After a solid night’s rest, Nancy made a great breakfast and sent me off. She followed me in her car into town to snap a few more photos, pointed me to the nearby Starbucks and bid me farewell. I was once again filled, not just physically fed, but emotionally cared for as well. Good thing too, because the day ahead was full of challenges.

I knew the terrain was going to be rough. I was hoping to climb two passes that day leaving one more pass for the next day before some rest and two more passes. Washington is so full of beautiful mountians… darn it!

The first pass was Sherman Pass it is the tallest pass on Highway 20 and it is no joke! Sherman Pass was a huge mental challenge. I crested the top after 3 1/2 hours of climbing. As I was approaching from the east side, another cyclist approached from the west. He was on a short week long tour making a circle around Washington. We snapped photos for each other, offered encouragments and advice about the route and then pedalled on each in our own opposite directions.

The descent was just as challenging as the ascent. One of my front racks snapped and was loose. I stopped, removed the bag, strapping it to the rear rack. I then hastily propped the rack on the front fork and cautiously proceeded the 5 miles left to Republic. If the rack came loose on the descent and caught my spokes it would be very bad news for me and my front wheel. I checked my map for a notation of a bike shop and there was one…. by appointment only. So I called the number. No answer, no voicemail.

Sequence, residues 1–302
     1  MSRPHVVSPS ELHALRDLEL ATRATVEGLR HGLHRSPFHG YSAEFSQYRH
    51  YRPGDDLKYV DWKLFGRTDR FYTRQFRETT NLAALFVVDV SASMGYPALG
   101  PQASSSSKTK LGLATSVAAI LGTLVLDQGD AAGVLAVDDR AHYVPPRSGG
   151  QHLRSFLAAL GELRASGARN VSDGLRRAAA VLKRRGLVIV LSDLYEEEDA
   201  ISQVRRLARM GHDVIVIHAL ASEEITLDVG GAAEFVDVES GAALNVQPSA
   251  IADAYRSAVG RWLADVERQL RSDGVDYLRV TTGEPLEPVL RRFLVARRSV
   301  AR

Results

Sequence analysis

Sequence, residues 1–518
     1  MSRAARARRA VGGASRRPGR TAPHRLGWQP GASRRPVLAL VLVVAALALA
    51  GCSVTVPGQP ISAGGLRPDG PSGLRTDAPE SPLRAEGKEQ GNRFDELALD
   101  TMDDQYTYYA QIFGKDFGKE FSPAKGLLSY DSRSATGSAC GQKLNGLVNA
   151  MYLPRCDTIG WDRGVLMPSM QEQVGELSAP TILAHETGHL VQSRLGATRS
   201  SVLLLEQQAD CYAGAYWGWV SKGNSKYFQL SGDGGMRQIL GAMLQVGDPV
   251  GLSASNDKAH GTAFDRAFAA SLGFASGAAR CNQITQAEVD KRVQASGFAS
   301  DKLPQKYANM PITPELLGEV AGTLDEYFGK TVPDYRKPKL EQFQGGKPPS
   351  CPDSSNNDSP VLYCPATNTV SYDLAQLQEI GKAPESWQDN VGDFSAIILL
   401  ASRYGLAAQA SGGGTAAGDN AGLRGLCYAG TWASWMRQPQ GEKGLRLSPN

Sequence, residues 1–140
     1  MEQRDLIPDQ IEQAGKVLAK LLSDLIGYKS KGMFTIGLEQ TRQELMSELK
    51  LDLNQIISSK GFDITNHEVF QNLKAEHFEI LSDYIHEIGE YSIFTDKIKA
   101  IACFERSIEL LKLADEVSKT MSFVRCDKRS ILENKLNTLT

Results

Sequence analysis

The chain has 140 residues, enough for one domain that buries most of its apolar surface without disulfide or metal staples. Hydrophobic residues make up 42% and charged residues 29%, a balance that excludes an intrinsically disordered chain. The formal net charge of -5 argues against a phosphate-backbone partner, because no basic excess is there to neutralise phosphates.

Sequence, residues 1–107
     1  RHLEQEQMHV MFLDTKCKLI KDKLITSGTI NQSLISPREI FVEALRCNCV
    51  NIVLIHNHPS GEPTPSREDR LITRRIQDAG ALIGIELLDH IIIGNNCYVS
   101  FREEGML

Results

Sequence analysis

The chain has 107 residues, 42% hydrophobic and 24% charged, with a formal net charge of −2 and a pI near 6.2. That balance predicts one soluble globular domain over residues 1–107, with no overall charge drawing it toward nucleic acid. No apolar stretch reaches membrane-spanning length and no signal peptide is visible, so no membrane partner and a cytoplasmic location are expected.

I pedalled a little further hoping to find a local person to get some idea of who might be able to help me. I pulled into a parking lot with a carwash, service station and bar. A man in a firefighter t-shirt was walking toward me. I asked if he was local and with a positive reply I told him my dilemma. He looked across the parking lot and summoned a gentleman in a truck.

I then told this man my dilemma. He gave me directions to his house agreeing to try to fix the rack. It was beginning to get hot, I was tired from the climb and hungry. I listened to his directions and followed them as best I could making one wrong turn. He saw me and signalled my mistake. I arrived to find a chair set out for me to sit while he worked to fix my rack. I pulled some food from my pack and satiated my hunger and we chatted as he worked. Jeremy is a border patrol officer with a specialty in K9 handling. He actually trains other handlers as well. With some on the fly problem solving this kind man rigged up a workable solution.

Now the only problem, climb another pass and try to get to my intended destination for the day. Jeremy offered to shuttle me up the pass with his flatbed truck, putting me back on track to make my stop for the night. So I took him up on his offer. We loaded my bike and off we went.